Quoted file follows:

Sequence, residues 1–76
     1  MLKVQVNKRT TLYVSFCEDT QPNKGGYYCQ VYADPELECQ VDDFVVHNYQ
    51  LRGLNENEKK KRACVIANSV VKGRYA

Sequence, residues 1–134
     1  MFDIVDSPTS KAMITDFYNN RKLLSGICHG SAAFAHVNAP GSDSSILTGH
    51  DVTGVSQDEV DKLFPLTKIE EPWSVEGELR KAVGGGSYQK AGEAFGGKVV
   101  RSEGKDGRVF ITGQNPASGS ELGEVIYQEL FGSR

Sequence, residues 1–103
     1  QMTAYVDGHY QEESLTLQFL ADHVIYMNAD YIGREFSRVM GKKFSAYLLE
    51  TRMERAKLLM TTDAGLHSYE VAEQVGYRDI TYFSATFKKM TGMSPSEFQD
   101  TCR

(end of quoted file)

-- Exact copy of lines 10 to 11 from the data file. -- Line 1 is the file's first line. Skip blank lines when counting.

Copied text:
    51  TRMERAKLLM TTDAGLHSYE VAEQVGYRDI TYFSATFKKM TGMSPSEFQD
   101  TCR